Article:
Practices like tarot, birth chart reading, and manifestation have seen a spike in popularity in recent years. While, ultimately, we all have the power to take control of our destinies, it remains endlessly exciting (and fun) to buy a new deck of tarot cards and lay out a spread that promises to teach and excite you about what lies ahead.
What Is Tarot?
Tarot cards can be traced back to at least the late 14th century, but it's unknown where, exactly, they came from or who invented the practice. Tarot reading itself is a means of divination, or fortune-telling, in which each card symbolizes a certain idea or theme. Tarot readers shuffle the cards and draw one or several, and are able to discern a message about the future through the resulting spread.
How To Read Tarot Cards
There are many ways of reading tarot cards. Most tarot card decks come with little instruction booklets that give the meaning of each card along with suggestions on how to read them. There are certain spreads for love, career, family, and even full-life readings, wherein the position of each card within the spread contains its own significance (i.e., a certain position might indicate the current situation, another person's feelings toward you, what the likely outcome is, etc.). Alternatively, some people shuffle their tarot cards while thinking about they're question until one "jumps" or falls out to answer them.
Whatever you do, though, don't look into cards too literally. The Death card, for instance, is often used in movies and television shows to allude to literal death, but that's often not the case in real life. If you're doing a reading about a relationship, for example, and you draw the Death card, it could mean the "death" of an argument, a certain set of circumstances, or a phase in you and your partner's life.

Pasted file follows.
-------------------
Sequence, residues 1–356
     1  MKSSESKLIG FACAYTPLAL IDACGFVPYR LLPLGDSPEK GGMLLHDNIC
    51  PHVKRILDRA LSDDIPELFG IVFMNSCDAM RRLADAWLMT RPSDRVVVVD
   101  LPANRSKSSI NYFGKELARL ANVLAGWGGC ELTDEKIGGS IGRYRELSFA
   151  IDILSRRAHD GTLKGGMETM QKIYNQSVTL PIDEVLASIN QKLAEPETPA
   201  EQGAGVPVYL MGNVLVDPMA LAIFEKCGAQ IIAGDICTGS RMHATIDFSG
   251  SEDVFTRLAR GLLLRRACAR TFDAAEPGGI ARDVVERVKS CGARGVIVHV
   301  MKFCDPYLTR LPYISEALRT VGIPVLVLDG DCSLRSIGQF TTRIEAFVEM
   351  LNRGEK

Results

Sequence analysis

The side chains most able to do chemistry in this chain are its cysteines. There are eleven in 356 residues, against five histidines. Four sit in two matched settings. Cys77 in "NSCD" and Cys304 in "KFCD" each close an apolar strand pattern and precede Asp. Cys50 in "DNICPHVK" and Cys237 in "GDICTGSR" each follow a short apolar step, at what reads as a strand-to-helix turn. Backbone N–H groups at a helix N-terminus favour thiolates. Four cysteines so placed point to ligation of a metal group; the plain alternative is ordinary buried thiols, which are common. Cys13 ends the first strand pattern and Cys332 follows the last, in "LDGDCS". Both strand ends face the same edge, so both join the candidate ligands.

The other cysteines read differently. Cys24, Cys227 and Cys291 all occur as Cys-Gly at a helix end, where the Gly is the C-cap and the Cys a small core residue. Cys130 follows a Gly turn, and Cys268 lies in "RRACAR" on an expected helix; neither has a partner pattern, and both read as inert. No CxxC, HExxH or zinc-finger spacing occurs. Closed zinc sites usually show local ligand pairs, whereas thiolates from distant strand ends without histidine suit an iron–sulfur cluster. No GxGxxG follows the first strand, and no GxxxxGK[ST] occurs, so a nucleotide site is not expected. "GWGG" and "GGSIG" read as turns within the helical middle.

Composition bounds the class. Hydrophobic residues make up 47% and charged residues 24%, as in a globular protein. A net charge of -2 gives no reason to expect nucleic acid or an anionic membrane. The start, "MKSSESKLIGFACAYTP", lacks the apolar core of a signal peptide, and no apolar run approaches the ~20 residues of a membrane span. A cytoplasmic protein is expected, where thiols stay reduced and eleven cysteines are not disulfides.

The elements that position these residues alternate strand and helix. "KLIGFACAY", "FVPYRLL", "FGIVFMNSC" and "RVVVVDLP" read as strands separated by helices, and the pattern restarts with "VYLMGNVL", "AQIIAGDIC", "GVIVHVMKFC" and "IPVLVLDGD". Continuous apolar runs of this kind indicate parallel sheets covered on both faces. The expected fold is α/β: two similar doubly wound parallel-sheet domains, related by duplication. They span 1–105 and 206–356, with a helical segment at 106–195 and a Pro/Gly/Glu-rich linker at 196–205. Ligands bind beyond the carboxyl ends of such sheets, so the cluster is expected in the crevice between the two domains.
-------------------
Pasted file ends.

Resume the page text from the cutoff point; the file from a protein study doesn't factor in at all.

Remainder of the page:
Our Favorite Tarot Card Decks
Without further ado, here are some of our favorite tarot decks, both new and tried-and-true. Each presents an opportunity for self-care, meditation, and some deep, calm thought about the path you're on.
Ah, yes, the Rider-Waite deck: The most instantly recognizable set of cards of all time. This classic was created in 1909 by Pamela Colman Smith, along with Arthur Edward Waite, and its intricate art remains as moving and striking as ever―a whole 113 years later.
This deck, written by Lisa Sterle, is based on the original Rider-Waite deck, but with a modern twist. In the cards' beautiful illustrations, our modern witch rides a bike, looks at her cell phone, goes to work, and engages in a myriad of other mundane modern activities that ultimately make divination feel more relatable to the modern reader.